The tool is being used to save time on tasks traditionally assigned to junior members of staff. Earlier this year, Mishcon de Reya announced they were recruiting for a dedicated engineer to explore ‘how generative AI can be used within a law firm, including its application to legal practice tasks and wider law firm business tasks’. In line with previous waves of change, barristers will inevitably be nudged by solicitors’ demands for AI literacy in counsel they instruct.

Equality and non-discrimination

One of the presumed benefits of AI other than productivity is its infallibility. Contrary to humans who can be erratic and biased in their decision-making, AI is assumed to be dependable. This often leads to widescale and uncritical adoption of AI. Algorithms have already been demonstrated to exhibit bias in financial services by denying credit on race or gender grounds. This can either originate in data sets that import pre-existing biases of previous human decision makers or by using incomplete or skewed data sets. These feedback loops can be far more dangerous than when applied by a person alone as an AI or algorithm can apply discriminatory criteria at scale.

Lord Sales, Justice of the UK Supreme Court, gave a keynote address to the Information Law Conference in April examining algorithmic use by the government (‘Information law and automated governance’, 24 April 2023). He mentioned use of facial recognition technology considered in R (Bridges) v Chief Constable of South Wales [2020] EWCA Civ 1058. One of the factors determined by the Court of Appeal in that case was whether the Police had breached their Public Sector Equality Duty (‘PSED’) under s 149 of the Equality Act, specifically if the facial recognition used was biased on the grounds of race or sex. It was held that the police force had not done all it reasonably could to fulfil their PSED. Although the PSED is a public duty only, the broader Equality Act obligations to not discriminate apply to regulated bodies like service providers, including certain associations and clubs (see Equality Act guidance, Human Rights Commission). In the speech, the terminology of ‘human in the loop’ was canvassed as a way of ensuring algorithmic bias was identified and rooted out.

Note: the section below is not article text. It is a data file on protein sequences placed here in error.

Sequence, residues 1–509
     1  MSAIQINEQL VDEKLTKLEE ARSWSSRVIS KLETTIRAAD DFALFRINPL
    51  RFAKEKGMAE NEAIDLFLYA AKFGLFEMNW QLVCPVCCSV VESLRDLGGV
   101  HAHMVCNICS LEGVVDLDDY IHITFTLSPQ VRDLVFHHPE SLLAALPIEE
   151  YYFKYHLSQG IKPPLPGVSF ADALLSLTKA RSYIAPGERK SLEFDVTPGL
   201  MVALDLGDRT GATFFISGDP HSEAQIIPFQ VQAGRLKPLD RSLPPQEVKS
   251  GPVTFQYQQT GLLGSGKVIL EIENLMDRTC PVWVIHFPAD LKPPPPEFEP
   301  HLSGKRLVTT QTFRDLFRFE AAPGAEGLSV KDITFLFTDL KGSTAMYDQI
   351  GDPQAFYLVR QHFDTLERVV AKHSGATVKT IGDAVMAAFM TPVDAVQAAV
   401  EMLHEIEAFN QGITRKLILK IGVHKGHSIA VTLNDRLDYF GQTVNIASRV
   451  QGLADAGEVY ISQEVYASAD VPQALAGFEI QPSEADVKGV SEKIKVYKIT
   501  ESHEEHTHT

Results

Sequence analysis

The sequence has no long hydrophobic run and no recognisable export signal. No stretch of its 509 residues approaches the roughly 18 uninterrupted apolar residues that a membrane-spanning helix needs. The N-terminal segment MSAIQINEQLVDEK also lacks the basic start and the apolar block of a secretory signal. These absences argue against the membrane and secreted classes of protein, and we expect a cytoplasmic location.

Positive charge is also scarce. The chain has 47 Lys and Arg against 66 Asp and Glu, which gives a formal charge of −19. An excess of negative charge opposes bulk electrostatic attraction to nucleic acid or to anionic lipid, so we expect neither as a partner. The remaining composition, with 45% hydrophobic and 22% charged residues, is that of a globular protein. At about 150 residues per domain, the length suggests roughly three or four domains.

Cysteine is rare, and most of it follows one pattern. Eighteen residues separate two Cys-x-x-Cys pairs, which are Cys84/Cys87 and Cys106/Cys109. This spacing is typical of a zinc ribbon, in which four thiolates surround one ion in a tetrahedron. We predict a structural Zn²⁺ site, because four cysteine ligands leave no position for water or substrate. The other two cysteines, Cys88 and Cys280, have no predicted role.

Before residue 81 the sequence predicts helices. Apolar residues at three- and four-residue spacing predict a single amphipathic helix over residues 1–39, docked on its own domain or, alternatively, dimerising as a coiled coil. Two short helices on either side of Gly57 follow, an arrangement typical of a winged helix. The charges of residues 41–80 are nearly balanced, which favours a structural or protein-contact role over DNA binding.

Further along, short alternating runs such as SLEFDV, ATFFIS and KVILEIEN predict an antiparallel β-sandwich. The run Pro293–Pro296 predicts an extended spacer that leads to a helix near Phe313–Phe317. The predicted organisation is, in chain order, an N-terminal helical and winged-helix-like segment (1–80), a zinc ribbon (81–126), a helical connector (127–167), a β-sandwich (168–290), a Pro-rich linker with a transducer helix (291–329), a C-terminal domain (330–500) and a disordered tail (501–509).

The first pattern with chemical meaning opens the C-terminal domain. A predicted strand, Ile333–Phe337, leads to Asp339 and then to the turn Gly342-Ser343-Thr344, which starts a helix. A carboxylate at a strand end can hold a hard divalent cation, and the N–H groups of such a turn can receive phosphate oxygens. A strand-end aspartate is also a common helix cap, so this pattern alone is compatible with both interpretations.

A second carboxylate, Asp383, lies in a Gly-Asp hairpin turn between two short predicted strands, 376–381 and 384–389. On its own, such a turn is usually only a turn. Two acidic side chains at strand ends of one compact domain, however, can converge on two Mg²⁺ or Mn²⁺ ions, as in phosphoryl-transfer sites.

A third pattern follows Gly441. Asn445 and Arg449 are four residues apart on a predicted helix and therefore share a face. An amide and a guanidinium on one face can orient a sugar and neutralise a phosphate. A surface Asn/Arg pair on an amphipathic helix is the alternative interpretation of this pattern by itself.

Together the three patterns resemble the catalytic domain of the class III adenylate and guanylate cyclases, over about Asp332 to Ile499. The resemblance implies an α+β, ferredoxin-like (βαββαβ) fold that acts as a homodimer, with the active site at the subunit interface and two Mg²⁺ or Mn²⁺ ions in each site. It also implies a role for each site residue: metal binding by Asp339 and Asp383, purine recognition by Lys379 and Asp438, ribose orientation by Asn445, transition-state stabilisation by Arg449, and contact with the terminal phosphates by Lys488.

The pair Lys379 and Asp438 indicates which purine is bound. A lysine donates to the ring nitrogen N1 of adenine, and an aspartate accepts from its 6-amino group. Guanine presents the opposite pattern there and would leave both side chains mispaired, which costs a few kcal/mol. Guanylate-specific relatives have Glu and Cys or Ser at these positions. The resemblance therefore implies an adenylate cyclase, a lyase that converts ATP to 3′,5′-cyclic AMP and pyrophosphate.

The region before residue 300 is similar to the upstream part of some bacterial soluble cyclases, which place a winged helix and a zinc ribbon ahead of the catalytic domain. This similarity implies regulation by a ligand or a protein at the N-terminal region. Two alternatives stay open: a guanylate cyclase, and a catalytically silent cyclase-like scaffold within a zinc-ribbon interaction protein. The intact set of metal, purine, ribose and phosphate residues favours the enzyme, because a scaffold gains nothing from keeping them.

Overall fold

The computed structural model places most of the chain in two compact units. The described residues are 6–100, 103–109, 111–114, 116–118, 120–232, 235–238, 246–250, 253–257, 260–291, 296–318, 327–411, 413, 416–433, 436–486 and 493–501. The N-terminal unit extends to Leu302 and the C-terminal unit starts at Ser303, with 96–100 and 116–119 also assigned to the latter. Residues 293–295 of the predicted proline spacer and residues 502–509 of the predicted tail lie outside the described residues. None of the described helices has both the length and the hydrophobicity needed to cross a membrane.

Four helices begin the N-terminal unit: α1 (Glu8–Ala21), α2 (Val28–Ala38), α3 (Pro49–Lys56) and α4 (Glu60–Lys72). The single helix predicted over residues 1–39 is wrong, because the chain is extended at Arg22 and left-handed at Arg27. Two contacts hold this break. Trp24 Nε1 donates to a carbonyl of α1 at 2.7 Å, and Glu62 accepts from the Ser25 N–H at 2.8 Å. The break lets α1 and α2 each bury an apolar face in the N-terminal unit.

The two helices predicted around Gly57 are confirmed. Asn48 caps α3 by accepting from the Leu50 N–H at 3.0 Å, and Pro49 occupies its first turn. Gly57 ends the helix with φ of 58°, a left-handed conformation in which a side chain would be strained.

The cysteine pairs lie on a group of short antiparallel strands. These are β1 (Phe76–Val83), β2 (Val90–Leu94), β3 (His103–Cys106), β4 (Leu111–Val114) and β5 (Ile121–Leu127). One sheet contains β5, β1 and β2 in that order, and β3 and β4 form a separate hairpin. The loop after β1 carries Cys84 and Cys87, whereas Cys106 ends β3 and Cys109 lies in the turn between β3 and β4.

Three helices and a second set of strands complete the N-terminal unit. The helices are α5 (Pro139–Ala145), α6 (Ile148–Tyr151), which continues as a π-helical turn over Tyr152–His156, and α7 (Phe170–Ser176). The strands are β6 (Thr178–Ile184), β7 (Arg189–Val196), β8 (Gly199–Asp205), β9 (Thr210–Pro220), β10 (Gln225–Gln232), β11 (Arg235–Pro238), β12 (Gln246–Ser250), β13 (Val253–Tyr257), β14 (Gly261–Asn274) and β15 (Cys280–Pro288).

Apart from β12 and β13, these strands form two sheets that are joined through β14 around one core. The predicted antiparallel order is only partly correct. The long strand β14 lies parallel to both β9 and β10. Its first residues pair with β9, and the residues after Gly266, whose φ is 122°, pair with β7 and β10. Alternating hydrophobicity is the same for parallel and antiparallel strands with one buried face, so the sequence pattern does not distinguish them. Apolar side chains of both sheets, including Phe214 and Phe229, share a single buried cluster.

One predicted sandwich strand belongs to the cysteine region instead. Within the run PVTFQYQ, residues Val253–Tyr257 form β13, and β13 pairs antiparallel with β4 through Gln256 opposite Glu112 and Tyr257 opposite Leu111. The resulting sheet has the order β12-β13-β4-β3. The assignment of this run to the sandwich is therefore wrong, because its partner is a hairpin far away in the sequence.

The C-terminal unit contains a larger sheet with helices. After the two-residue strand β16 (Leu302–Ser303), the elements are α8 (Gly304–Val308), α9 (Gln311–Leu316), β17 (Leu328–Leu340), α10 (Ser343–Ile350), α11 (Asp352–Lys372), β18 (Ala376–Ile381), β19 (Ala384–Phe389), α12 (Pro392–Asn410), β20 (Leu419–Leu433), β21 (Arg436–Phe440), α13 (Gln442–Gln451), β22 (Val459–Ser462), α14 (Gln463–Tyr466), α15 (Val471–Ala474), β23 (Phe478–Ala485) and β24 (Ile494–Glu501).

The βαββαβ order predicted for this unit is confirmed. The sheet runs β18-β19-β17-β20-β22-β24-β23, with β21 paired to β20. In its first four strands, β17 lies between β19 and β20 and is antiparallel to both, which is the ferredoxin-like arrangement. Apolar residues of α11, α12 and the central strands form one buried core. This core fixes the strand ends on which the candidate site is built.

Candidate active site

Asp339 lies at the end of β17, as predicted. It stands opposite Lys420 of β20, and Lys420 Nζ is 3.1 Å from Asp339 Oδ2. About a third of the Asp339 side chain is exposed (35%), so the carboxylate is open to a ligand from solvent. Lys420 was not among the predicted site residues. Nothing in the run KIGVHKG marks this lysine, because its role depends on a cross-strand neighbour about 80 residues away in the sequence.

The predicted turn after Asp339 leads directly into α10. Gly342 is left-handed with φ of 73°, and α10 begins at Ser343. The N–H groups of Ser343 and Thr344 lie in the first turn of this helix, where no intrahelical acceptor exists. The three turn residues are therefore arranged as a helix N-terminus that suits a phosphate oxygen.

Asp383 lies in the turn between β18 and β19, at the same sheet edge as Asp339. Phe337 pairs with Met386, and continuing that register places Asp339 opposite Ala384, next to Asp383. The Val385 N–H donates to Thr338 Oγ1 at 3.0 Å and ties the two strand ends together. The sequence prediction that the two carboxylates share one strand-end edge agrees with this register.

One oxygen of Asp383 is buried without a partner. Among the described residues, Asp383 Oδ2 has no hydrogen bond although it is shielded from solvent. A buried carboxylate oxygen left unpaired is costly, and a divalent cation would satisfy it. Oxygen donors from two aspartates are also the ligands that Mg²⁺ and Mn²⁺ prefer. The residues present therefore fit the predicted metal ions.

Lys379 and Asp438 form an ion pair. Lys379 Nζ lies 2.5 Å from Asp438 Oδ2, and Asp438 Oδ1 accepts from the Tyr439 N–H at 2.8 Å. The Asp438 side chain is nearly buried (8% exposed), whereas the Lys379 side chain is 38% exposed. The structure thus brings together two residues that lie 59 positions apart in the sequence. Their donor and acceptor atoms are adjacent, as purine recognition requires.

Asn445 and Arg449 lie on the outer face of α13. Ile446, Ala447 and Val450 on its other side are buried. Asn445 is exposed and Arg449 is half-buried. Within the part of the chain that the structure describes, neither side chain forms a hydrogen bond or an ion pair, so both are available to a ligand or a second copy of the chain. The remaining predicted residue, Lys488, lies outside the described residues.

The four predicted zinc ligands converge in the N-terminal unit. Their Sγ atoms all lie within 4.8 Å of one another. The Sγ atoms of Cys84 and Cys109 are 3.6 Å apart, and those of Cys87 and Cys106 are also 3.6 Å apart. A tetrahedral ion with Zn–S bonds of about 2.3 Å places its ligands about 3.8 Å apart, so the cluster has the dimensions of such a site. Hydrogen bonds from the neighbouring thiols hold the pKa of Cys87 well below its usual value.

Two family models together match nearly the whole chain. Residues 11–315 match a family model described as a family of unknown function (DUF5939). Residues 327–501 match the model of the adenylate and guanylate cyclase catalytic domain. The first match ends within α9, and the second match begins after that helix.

Barristers should be mindful of their core duties, including CD8 of the Code of Conduct not to discriminate. Under rC12 this includes a duty not to discriminate against a person ‘on the grounds of race, colour, ethnic or national origin, nationality, citizenship, sex, gender re-assignment, sexual orientation, marital or civil partnership status, disability, age, religion or belief, or pregnancy and maternity’. This could foreseeably apply where a chambers is using ‘biased’ AI to help make decisions such as who to recruit or how to allocate work. More fundamentally, under rC19, barristers need to be clear who is legally responsible for the provision of services and the terms on which those legal services are supplied. It might therefore be good practice to alert clients where AI tools are used and to any human oversight or checks on those tools.